Ferlinghetti’s Birthday

Lawrence Ferlinghetti (1919-2021) – photo Carlo Silvio

Lawrence Ferlinghettis  birthday today. We thought we’d feature an exchange he had with Allen back in 1977, when he got into a discussion about how he should write his poetry.

The poem at hand was the wistful elegy, “The Old Italians Dying” (that first appeared as an op-ed in the LA Times. “Not much poetry today”, he wrote at the time, “has visual excitement. People are writing poems about walking down the street but they’re not seeing what’s there. “Old Italians Dying” is an objective description of sitting in the square – a sticking to what’s going down right in front of me. But you can never make it completely objective. I see the coffin as a black boat without sails. The person in the coffin is like a fisherman on his last trip to the sea”

For years the old Italians have been dying
all over America
For years the old Italians in faded felt hats
have been sunning themselves and dying
You have seen them on the benches
in the park in Washington Square
the old Italians in their black high button shoes
the old men in their old felt fedoras
with stained hatbands
have been dying and dying
day by day
You have seen them
every day in Washington Square San Francisco
the slow bell
tolls in the morning
in the Church of Peter & Paul
in the marzipan church on the plaza
toward ten in the morning the slow bell tolls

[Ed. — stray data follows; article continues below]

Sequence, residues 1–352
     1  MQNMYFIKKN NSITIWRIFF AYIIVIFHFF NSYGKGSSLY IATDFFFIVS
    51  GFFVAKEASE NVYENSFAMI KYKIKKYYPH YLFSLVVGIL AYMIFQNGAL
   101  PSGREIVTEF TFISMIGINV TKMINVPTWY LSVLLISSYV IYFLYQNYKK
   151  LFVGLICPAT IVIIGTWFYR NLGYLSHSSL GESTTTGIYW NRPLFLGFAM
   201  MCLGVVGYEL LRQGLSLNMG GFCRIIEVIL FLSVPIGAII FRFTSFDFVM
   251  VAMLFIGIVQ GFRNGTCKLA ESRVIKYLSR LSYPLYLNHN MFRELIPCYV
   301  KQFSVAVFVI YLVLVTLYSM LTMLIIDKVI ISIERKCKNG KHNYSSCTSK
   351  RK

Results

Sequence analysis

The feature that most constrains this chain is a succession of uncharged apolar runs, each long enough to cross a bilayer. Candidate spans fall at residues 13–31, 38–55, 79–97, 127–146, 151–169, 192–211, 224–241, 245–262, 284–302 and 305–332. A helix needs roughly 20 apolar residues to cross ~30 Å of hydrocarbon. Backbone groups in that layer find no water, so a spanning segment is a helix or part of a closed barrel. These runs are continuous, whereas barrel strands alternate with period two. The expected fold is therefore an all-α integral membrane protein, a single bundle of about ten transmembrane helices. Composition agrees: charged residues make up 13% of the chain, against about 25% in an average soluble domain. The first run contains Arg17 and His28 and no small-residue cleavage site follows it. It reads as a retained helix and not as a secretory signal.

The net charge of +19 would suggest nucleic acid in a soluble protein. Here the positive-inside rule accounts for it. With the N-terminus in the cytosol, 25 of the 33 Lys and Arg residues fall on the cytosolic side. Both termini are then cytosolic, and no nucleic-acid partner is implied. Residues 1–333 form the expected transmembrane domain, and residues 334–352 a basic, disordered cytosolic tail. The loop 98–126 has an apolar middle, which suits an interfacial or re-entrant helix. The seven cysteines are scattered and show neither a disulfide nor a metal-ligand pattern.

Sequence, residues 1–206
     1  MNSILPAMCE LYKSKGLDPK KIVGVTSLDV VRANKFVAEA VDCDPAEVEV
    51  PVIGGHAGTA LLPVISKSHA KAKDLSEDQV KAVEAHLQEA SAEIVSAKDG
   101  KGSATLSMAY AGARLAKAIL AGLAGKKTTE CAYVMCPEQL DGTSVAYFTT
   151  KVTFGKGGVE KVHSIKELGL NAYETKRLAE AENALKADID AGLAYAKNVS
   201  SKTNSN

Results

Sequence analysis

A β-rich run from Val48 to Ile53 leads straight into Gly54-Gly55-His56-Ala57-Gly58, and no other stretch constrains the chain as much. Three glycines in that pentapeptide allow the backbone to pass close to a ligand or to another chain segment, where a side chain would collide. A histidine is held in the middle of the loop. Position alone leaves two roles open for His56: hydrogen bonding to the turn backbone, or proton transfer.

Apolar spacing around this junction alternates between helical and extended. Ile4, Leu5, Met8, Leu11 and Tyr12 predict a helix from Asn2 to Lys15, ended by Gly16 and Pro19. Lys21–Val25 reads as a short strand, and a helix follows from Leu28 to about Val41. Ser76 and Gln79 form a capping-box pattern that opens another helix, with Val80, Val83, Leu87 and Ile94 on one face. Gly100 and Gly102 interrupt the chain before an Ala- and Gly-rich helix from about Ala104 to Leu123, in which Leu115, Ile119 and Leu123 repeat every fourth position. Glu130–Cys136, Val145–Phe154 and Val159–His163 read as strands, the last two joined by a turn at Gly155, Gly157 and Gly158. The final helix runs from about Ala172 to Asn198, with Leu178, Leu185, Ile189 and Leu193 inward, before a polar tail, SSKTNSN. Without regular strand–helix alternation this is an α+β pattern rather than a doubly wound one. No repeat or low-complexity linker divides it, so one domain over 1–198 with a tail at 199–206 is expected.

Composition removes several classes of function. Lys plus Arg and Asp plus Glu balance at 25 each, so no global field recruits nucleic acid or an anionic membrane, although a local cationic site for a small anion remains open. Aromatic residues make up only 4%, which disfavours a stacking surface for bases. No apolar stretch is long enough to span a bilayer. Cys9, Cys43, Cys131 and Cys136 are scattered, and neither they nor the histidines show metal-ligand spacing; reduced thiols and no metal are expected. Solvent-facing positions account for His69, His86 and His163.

in the towers of Peter & Paul
and the old men who are still alive
sit sunning themselves in a row
on the wood benches in the park
and watch the processions in and out
funerals in the morning
weddings in the afternoon
slow bell in the morning Fast bell at noon
In one door out the other
the old men sit there in their hats
and watch the coming & going
You have seen them
the ones who feed the pigeons
cutting the stale bread
with their thumbs & penknives
the ones with old  pocketwatches
the old ones with gnarled hands
and wild eyebrows
the ones with the baggy pants
with both belt & suspenders
the grappa drinkers with teeth like corn
the Piemontesi the Genovesi the Siciliani
smelling of garlic & pepperoni
the ones who loved Mussolini
the old fascists
the ones who loved Garibaldi
the old anarchists reading L’Umanita Nova
the ones who loved Sacco & Vanzetti
They are almost all gone now
They are sitting and waiting their turn
and sunning themselves in front of the church